• 17% of kids have shared their own Self-Generated – Child Sexual Abuse Material (SG-CSAM). [3]

A 6% increase from 2019. Traffickers can use the process to build a relationship with their victim. If they are able to get the child to send them explicit images this allows sextortion to take place. Sextortion is a threat to expose sexual images in order to make a person do something. The young person experiences shame with already having sent the image and fear of that image being seen by others so they are likely to do what they are told to prevent this from happening, even if what they are told to do is far worse.

Introduced into Sex Trafficking

The next phase of the cycle is what a victim is exploited for the first time, this is referred to as the breaking. For some this can be very violent, including gang rapes. For others it may be giving an illicit massage to one of the predator’s friends. Shame is often used to maintain power and control. Statements like: “You are just a whore now” “No one will believe you” “Your family won’t love you anymore” “You are the one committing a crime” may be used.

It is during this stage that a Romeo Pimp may start to introduce violence and fear tactics into their relationship with the victim.

If recovery of a victim is not made prior to this breaking phase it becomes much more difficult.

Automatic and Maintenance Phases of the Sex Trafficking Cycle

Once a victim has reached this phase they are basically running on autopilot, continuing to comply to avoid whatever their trafficker has threatened them with. This could include fear of violence, fear of their family being harmed or feeling that they no longer have worth. The amount of extensive, complex trauma the victim has experienced up to this point changes the way they make decisions.  At this point the victim has accepted that this is now their life, and they are often simply in survival mode.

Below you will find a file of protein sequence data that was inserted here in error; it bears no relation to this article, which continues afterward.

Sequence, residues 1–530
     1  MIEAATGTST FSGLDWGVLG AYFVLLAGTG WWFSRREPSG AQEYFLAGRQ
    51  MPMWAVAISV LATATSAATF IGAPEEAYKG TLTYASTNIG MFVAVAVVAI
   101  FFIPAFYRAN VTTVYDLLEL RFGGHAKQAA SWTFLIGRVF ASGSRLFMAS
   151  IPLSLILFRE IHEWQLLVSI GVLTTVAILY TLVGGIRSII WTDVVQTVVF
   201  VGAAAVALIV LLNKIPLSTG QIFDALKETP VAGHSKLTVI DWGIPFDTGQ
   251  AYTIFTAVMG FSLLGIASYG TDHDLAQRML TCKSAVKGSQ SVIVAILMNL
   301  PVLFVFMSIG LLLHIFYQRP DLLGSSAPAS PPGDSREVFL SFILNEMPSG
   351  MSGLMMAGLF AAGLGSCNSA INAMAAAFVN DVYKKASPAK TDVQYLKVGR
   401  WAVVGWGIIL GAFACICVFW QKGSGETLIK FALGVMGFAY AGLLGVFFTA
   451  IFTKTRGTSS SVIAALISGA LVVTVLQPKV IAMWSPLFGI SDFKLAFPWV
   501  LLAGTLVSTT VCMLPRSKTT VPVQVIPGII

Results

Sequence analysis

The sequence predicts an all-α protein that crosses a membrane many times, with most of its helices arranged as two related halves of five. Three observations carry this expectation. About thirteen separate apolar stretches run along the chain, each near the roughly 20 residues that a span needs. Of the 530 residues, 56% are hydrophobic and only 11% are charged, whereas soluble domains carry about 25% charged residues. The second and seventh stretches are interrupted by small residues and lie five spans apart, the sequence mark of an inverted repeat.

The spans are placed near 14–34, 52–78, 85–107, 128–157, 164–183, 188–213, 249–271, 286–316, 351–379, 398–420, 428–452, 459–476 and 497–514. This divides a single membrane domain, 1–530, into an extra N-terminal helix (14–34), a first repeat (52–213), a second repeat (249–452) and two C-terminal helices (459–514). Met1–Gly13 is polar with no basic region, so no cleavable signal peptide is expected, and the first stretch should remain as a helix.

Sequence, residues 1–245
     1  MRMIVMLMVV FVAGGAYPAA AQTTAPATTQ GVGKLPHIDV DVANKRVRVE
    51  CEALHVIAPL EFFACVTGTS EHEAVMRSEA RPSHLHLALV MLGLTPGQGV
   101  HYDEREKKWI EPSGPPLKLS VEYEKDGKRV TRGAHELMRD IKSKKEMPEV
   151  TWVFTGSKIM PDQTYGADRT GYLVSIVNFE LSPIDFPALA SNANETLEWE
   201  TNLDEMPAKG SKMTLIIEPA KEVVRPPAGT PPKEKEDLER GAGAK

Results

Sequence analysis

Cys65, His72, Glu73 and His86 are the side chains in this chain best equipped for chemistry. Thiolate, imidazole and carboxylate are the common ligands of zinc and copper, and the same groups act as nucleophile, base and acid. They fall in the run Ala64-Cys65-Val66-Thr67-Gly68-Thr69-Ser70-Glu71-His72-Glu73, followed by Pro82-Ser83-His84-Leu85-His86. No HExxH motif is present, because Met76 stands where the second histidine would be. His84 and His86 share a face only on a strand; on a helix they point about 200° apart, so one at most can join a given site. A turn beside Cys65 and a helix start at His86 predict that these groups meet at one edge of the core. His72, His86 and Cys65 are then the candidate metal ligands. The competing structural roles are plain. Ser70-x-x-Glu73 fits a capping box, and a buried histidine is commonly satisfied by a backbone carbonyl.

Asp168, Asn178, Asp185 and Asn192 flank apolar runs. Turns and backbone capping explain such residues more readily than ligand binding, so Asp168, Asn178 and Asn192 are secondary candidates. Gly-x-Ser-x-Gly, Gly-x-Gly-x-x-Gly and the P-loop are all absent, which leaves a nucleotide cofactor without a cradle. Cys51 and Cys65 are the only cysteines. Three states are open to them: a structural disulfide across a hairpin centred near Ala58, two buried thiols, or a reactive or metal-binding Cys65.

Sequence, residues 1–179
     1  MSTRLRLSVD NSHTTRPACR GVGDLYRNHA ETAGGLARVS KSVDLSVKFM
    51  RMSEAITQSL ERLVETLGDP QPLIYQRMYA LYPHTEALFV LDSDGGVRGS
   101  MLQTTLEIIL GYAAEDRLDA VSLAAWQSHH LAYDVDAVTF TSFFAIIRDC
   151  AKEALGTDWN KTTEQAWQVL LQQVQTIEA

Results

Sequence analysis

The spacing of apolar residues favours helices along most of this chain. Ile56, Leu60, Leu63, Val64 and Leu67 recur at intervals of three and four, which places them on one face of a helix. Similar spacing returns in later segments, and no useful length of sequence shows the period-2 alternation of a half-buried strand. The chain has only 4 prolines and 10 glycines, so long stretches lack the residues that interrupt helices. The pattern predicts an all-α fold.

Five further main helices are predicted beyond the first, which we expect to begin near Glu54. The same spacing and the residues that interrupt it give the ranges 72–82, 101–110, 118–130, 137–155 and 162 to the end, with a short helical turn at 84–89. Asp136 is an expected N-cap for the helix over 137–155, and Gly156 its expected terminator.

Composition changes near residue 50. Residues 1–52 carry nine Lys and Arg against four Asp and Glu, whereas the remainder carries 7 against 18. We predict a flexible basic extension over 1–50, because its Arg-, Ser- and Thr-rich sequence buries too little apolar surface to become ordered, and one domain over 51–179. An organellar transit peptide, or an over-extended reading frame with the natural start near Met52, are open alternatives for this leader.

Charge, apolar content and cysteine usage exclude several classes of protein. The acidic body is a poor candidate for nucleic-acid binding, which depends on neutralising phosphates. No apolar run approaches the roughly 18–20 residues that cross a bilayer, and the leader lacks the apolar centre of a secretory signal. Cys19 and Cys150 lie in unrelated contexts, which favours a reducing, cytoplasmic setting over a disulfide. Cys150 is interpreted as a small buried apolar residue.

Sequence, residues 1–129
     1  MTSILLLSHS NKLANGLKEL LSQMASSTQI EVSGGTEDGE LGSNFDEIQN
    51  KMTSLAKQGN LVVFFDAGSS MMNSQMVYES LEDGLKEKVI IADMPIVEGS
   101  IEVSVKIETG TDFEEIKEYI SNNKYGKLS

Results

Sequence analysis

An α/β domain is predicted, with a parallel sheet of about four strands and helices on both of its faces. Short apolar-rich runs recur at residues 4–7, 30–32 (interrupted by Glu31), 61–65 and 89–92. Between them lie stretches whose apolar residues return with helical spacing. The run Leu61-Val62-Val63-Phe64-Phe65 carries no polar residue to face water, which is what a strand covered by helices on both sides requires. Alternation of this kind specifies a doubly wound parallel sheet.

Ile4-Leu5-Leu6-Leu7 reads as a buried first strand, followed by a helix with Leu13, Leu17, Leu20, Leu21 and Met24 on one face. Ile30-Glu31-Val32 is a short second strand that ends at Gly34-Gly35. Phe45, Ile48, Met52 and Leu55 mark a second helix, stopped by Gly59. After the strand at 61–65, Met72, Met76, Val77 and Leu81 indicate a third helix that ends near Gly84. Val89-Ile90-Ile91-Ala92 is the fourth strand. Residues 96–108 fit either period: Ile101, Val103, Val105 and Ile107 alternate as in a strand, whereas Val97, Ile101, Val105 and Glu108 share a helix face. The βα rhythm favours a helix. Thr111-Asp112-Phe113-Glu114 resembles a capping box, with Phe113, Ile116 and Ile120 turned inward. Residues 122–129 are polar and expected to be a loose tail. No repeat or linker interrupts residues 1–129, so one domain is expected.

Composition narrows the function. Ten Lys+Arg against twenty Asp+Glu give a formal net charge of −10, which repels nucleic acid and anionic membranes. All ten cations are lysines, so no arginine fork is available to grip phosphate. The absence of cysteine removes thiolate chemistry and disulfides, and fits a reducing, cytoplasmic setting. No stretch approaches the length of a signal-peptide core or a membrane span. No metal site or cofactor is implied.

• 75% of victims reported being advertised online while being exploited after 2004. [1]

The use of technology has allowed traffickers to engage with buyers at a more frequent and widespread capacity. A predator can easily advertise online through various escort sites.

  • One in four victims surveyed reported that when advertised online they saw more than 10 buyers per day. [1]

This is better said as 10 rapes per day, imagine the trauma associated with one unwanted sexual encounter and multiply that by 10 each day. This allows the trauma to compound over time and continues to keep the victim in survival mode, where the only things that are important are safety (doing what the trafficker says to avoid being hurt), food and sleep. Traffickers often use food and sleep as control tactics as well.

  • A recent study found that human trafficking survivors have an alarming higher-than-average rate of suicidal thoughts with 23% of survivors having attempted suicide compared with 3% of the population with no prior domestic violence exposure. [4]
How can I help stop the cycle of sex trafficking?

We strive to break this cycle in the beginning stages, so no victim ever experiences the enormous trauma associated with trafficking. Predators behind bars prevents future victims. Become a Guardian and help us protect America’s children.

To learn more about the indicators of trafficking go here.

Reference for the victim cycle of sex trafficking as a whole [5].

References

[1] (2018, January). Survivor Insights: The Role of Technology in Domestic Minor Sex Trafficking [PDF].

[2] National Center for Missing and Exploited Children. (2021). Child Sex Trafficking. Retrieved from https://www.missingkids.org/theissues/trafficking#bythenumbers

[3] Thorn (2021). Self-Generated Child Sexual Abuse Material: Youth Attitudes and Experiences in 2020 [PDF].

[4] Shero (2017, September). The Connection Between Suicide and Human Trafficking. Retrieved from https://www.sherofoundation.org/uncategorized/connection-suicide-human-trafficking/

[5] Nelson – Garrett, Esther – Founder and CEO Safety Compass

 

EYES ON TRAFFICKING

This “Eyes on Trafficking” story is reprinted from its original online location.